The first coins with an owl as motif were minted in Athens from c. 575 BC on as incusum quadratum in electrum and silver [1. table 1], later (from c. 525 BC on) as a reverse motif with an obverse image of Athena in the Attic standard of coinage [1. table 2; 2. 44ff.]. Minting in bronze with this motif, beginning in the 3rd cent. BC, replaced the silver coins from 78/7 BC onward [3. 42] and ended in the middle of the 2nd cent. AD [1. table 88].
We present a discriminative learning method for pattern discovery of binding sites in nucleic acid sequences based on hidden Markov models. Sets of positive and negative example sequences are mined for sequence motifs whose occurrence frequency varies between the sets. The method offers several objective functions, but we concentrate on mutual information of condition and motif occurrence. We perform a systematic comparison of our method and numerous published motif-finding tools. Our method achieves the highest motif discovery performance, while being faster than most published methods. We present case studies of data from various technologies, including ChIP-Seq, RIP-Chip and PAR-CLIP, of embryonic stem cell transcription factors and of RNA-binding proteins, demonstrating practicality and utility of the method. For the alternative splicing factor RBM10, our analysis finds motifs known to be splicing-relevant. The motif discovery method is implemented in the free software package Discrover. It is applicable to genome- and transcriptome-scale data, makes use of available repeat experiments and aside from binary contrasts also more complex data configurations can be utilized.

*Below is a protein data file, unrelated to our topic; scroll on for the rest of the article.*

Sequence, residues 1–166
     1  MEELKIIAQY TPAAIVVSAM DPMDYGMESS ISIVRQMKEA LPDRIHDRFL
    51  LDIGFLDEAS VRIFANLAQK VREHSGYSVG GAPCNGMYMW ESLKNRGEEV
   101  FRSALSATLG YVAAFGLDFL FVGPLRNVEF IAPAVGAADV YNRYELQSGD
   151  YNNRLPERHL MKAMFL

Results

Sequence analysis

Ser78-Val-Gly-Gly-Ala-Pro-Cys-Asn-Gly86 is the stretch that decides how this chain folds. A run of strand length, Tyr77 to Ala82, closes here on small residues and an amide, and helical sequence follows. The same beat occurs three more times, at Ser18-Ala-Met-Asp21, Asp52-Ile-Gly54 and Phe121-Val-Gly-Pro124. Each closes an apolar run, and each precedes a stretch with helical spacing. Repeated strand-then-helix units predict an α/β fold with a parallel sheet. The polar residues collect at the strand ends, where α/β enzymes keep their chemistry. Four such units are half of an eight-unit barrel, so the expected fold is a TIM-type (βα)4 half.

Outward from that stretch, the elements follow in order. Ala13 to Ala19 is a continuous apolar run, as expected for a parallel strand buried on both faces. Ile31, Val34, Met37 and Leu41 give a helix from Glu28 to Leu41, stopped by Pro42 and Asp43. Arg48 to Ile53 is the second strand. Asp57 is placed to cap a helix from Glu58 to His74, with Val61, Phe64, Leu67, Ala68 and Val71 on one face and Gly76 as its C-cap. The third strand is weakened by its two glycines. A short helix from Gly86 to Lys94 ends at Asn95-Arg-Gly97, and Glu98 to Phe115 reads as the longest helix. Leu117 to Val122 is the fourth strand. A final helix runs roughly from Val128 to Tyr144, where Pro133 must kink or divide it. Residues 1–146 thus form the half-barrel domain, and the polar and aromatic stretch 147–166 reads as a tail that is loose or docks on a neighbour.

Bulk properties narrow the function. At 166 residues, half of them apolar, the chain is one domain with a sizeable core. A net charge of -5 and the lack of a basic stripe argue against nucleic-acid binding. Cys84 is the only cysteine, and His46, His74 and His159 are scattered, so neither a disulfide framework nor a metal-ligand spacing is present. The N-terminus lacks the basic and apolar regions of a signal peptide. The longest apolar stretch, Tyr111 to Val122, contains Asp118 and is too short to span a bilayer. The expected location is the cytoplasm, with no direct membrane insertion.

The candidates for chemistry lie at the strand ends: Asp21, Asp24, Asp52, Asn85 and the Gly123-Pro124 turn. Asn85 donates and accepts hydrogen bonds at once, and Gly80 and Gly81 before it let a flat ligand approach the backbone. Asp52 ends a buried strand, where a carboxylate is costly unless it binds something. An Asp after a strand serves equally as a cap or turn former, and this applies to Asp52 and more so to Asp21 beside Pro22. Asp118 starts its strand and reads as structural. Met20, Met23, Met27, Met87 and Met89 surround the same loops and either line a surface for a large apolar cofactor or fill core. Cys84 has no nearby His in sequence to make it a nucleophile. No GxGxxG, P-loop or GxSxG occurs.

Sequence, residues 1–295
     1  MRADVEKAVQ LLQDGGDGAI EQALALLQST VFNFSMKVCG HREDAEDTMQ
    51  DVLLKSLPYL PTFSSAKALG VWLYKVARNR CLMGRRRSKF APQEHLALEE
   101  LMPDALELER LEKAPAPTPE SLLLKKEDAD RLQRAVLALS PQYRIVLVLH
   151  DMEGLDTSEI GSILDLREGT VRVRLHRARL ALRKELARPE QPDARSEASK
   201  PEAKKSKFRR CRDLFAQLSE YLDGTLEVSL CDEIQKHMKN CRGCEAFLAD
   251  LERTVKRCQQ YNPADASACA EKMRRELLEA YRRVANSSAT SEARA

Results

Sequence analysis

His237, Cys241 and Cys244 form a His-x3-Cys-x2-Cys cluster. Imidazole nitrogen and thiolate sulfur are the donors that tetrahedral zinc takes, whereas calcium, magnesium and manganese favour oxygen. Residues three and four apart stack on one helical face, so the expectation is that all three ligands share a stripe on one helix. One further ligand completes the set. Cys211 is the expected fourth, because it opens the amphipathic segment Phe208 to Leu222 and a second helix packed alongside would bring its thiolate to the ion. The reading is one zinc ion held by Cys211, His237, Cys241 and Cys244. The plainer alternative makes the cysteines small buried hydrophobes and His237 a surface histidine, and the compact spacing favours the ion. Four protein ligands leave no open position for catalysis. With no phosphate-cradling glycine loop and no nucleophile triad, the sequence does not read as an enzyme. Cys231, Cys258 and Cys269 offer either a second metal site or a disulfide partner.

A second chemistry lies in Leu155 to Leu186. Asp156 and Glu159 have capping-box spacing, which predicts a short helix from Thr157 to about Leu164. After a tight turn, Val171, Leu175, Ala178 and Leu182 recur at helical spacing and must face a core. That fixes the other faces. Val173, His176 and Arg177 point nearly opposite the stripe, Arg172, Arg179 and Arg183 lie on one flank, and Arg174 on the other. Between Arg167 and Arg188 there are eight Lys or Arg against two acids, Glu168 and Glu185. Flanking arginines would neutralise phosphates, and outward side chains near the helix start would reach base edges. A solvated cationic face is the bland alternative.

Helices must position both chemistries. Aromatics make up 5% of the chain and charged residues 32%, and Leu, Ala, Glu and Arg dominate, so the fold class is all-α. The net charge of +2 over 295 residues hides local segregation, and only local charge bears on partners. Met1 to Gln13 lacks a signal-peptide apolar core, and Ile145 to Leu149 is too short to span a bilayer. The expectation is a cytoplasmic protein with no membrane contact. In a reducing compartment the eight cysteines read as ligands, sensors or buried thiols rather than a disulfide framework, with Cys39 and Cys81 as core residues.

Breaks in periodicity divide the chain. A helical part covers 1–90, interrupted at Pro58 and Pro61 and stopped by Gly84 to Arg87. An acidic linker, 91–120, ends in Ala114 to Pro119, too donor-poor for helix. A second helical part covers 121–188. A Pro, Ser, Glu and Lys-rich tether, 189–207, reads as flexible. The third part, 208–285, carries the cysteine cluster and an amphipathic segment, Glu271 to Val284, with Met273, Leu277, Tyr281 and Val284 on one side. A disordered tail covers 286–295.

The gastric pathogen H. pylori employs a type IV secretion system (T4SS) to inject the oncogenic effector protein CagA into the stomach epithelium of its human host. The T4SS protein CagL localizes to the T4SS pilus and is essential for injection of CagA into host cells. CagL harbors a RGD motif that probably mediates binding to host cell integrins.We solved the crystal structure of H. pylori CagL. (Barden et al. 2013). An elongated three-helix bundle forms the structural core of CagL, to which the N-terminal helix is associated only loosely. Structure comparisons suggest that CagL is a H. pylori specific protein. The RGD motif is exposed at the protein surface and thus accessible for interaction with a receptor molecule. In contrast to previously characterized RGD motifs, the RGD motif of CagL is not located in an extended or flexible loop structure but in the middle of a long helix.We now investigate the molecular basis of the interaction between CagL and host cell receptors.